Open Office 2.0

Steven Vaughan-Williams tracking open source events at eWeek has good news to report – OpenOffice 2.0 is in prebeta with a feature complete edition. In January the new beta will be out with final release planned for the February to March time frame. Good news.

The new edition of Open Office is chock full of new features but the biggest is simply the fact that OpenOffice is continuing to produce significant improvements to its software on a regular basis. This is important because the conjecture has been that in the Microsoft dominated categories like desktop Office software and Internet browsers there is no room for innovation beyond what Redmond prescribes.

Well first Mozilla with it very successful Firefox browser and now Open Office are proving otherwise. Microsoft is no longer the lowest cost producer nor the only innovator in these important software markets. And look at the innovations in Open Office – here are a few that caught this reviewers eye.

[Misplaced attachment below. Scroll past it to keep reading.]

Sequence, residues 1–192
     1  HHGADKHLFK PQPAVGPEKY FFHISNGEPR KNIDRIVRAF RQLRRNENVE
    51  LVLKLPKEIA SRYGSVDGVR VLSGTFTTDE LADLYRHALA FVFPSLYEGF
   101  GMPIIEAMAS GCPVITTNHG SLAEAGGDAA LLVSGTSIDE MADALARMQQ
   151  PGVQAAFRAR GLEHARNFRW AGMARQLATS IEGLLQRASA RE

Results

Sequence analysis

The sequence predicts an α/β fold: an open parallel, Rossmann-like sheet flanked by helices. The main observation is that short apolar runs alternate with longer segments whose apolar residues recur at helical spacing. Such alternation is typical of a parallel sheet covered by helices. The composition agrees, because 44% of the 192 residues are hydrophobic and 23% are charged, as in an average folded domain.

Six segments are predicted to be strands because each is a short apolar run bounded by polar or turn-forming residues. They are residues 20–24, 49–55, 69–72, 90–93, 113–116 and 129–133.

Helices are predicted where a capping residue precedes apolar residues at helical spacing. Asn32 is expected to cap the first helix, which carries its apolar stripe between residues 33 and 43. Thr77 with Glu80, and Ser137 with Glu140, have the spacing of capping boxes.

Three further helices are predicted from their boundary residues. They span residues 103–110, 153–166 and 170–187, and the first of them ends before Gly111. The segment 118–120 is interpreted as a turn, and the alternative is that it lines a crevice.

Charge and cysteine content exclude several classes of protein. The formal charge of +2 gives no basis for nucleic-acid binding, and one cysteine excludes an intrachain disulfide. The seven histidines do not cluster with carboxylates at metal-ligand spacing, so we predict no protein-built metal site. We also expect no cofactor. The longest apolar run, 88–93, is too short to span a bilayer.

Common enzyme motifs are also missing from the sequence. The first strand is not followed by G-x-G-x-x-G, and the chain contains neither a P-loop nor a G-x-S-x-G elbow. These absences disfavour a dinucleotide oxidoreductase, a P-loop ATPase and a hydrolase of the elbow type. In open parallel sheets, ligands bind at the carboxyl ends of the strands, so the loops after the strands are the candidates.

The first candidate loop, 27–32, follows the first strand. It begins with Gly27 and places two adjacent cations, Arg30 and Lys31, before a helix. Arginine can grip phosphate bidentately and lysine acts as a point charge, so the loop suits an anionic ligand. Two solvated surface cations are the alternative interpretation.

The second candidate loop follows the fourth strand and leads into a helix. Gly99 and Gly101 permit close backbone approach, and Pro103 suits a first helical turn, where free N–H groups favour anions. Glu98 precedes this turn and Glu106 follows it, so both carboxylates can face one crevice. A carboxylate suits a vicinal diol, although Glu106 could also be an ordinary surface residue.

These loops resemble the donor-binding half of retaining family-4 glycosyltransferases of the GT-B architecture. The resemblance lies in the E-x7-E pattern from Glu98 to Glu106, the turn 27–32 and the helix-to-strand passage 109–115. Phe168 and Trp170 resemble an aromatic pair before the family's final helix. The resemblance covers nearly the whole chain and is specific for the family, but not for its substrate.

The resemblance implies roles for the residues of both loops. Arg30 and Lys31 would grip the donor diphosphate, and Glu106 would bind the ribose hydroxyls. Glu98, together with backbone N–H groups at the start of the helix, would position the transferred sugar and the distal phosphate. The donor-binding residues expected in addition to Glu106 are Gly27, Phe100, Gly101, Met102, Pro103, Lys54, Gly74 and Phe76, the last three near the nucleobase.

First, OpenOffice will be using the new OASIS standard XML format for storing office data. This is an open standrd that all major players like Corel, Microsoft, KDE/Gnome and others should adhere to for maximum data interoperability. It will be interesting to see how strongly various large user groups who have been calling for just such a standard – now sign on board and put pressure on the varius Office vendors to do likewise.

Next, Open Office 2.0 has adopted a new database HSQL which is a Java based desktop database engine and designer tool. OpenOffice has added some key front end capabilities for creating tables and administering the database. As well there will be wizards for creating forms, reports , and queries. But most important, HSQL will be able to read Access, dBase and MySQL files – how easily is yet to be determined.

Finally, Open Office is redoubling its efforts to make all its programs interoperate and read/write directly the latest Microsoft Office files and formats. This makes it easier for users to utilize incoming documents from MS Office. But it also makes conversion MS Office to Open Office that much easier. Not a bad strategy.

(c)JBSurveyer